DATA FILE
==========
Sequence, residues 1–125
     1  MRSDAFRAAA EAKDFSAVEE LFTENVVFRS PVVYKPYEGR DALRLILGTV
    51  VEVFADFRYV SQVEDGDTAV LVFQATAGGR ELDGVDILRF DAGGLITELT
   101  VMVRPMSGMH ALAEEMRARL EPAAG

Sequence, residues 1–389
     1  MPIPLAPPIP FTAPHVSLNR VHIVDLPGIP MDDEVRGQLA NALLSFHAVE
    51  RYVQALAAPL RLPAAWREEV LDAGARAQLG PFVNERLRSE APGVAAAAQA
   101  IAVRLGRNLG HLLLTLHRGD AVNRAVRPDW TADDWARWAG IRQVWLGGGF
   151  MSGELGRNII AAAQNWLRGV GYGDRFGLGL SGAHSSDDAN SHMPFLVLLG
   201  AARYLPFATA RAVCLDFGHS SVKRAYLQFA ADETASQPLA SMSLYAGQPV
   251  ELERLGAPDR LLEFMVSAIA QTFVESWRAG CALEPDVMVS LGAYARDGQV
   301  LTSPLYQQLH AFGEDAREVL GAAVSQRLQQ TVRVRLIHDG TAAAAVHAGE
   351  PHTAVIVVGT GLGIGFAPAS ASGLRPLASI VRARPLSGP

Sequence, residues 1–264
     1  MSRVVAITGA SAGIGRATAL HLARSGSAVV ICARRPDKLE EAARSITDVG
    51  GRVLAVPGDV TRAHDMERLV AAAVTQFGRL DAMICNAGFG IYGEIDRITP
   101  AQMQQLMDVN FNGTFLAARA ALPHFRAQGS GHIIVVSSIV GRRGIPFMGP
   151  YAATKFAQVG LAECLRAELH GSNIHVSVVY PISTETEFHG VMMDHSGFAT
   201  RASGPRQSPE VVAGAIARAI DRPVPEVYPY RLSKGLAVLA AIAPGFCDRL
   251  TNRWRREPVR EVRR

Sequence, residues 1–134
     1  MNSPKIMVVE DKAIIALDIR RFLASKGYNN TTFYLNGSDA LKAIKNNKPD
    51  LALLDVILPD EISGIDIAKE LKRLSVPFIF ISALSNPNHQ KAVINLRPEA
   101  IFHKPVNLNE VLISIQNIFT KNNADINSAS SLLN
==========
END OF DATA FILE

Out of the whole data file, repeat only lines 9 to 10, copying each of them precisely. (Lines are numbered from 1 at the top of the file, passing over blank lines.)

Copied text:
   151  MSGELGRNII AAAQNWLRGV GYGDRFGLGL SGAHSSDDAN SHMPFLVLLG
   201  AARYLPFATA RAVCLDFGHS SVKRAYLQFA ADETASQPLA SMSLYAGQPV